Anxiety is killing parenthood

7 April 2022

10:40 PM

7 April 2022

10:40 PM

Britain is on a slow descent to oblivion. Scotland is even closer to the abyss, with a birth rate of just 1.29, well below the UK’s sub-replacement level of 1.65. It turns out the answer to the West Lothian question is that West Lothian will disappear.

Doomsday demography should matter, but Whitehall is in no way prepared to deal with it. New research published this week found that mental illness in early adulthood could account for up to 60 per cent of future childlessness. A generation too worried to have children spells disaster for countries that need to support ageing societies.

Researchers looking at the populations of Sweden and Finland have drawn a link between dozens of mental health disorders and later childlessness. Women with anxiety in early adulthood end up twice as likely to be childless in later life; women with any form of mental illness in adolescence have half as many children as siblings without mental health problems. For men, drinking your woes away is one of the biggest drivers of later childlessness.

Across the western world, fertility rates are plummeting and mental anguish is soaring. Our children are sadder than they have ever been – once they’ve grown up, sadness is turning them away from family life.

We might not want to admit it but behind this generational gloom lies an epidemic of family separation. Mental health problems tend to have their roots in family life – and the odds are stacked against British children, with a one in three chance of seeing their parents split up by their mid-teens. A recent study by researchers at the Marriage Foundation and the University of Lincoln found that family break up was the single biggest predictor of mental health problems in teenagers. For younger children, NHS data uncovers a threefold increase in mental disorders for under tens who experience parental separation.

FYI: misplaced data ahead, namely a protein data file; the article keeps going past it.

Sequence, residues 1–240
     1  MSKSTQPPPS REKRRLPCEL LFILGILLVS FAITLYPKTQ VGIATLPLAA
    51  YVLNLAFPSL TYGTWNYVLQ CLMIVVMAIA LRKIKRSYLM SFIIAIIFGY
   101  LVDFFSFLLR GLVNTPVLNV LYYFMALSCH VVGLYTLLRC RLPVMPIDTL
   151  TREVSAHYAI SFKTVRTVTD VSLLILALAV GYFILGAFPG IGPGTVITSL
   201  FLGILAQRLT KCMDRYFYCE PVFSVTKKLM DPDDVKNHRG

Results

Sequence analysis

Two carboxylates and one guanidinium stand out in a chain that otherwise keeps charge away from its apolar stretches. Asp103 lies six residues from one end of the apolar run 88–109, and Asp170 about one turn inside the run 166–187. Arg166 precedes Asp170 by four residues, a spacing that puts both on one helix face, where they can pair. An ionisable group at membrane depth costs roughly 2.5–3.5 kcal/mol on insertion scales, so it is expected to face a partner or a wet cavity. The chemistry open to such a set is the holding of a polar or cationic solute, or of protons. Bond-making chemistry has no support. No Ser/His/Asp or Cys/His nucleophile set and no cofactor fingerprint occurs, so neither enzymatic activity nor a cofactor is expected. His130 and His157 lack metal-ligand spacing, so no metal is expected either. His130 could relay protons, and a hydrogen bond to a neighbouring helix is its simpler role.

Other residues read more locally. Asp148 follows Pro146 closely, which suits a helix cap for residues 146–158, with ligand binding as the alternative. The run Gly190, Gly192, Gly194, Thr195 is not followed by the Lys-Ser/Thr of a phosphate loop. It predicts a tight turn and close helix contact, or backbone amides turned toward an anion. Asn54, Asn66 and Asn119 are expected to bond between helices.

Is the West trapped in a horrible spiral? Divorce creates unhappy children and those unhappy children grow up into childless adults.

The secret ingredient to arresting this spiral seems to be marriage. Those who marry tend to stay together while those who don’t tend to separate. Like childbirth, Britain has shifted away from matrimony. Our marriage rates are now at an all-time low; if trends continue, no one will be saying ‘I do’ by 2060.

British society is stacked against family life, with the smallest houses and longest commutes in Europe. Work is fetishised over family life. We’re told there’s something tragic about a stay-at-home dad. But don’t worry, the idea of free childcare for all is catching on in Westminster. The message from the state is clear: give up your children and get to work.

One country arresting the decline is Hungary. Whatever you think of Viktor Orbán, this eastern European state is tackling its population decline with considerable gusto. It seems to be working. Marriage rates have shot up by a dizzying 89 per cent in the last decade. Financial incentives are showered on couples who have children. Those visiting Budapest airport are greeted with a sign welcoming them to ‘family friendly Hungary’. Birth rates have risen from a dismal 1.23 to a less awful, but still very bad, 1.53. Hungarian politicians are unashamed of marriage and promoting family life (even if their record on LGBT issues makes us queasy). Compare this to the reluctance of our own politicians.

Nothing induces stick-your-head-in-the-sand-ism among our political leaders more than talk of population decline. Pillaging foreign states for labour is one morally dubious way out. The other is to follow the lead of Hungary and get serious about family life. One day we might even fly a ‘family friendly Britain’ sign over Heathrow.

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